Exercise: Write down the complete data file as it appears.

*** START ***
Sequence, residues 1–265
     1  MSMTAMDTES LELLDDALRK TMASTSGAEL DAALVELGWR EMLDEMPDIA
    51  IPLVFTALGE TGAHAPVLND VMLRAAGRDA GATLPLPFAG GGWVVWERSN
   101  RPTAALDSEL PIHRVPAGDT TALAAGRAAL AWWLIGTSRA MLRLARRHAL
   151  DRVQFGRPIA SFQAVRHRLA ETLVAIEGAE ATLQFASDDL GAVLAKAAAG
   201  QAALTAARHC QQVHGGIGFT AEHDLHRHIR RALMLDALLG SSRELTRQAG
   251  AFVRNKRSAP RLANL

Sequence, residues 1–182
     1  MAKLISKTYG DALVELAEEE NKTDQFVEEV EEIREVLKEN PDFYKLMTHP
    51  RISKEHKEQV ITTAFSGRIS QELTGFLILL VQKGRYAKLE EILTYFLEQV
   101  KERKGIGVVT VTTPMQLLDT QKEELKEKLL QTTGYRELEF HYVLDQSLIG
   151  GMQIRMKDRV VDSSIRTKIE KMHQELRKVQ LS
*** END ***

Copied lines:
Sequence, residues 1–265
     1  MSMTAMDTES LELLDDALRK TMASTSGAEL DAALVELGWR EMLDEMPDIA
    51  IPLVFTALGE TGAHAPVLND VMLRAAGRDA GATLPLPFAG GGWVVWERSN
   101  RPTAALDSEL PIHRVPAGDT TALAAGRAAL AWWLIGTSRA MLRLARRHAL
   151  DRVQFGRPIA SFQAVRHRLA ETLVAIEGAE ATLQFASDDL GAVLAKAAAG
   201  QAALTAARHC QQVHGGIGFT AEHDLHRHIR RALMLDALLG SSRELTRQAG
   251  AFVRNKRSAP RLANL

Sequence, residues 1–182
     1  MAKLISKTYG DALVELAEEE NKTDQFVEEV EEIREVLKEN PDFYKLMTHP
    51  RISKEHKEQV ITTAFSGRIS QELTGFLILL VQKGRYAKLE EILTYFLEQV
   101  KERKGIGVVT VTTPMQLLDT QKEELKEKLL QTTGYRELEF HYVLDQSLIG
   151  GMQIRMKDRV VDSSIRTKIE KMHQELRKVQ LS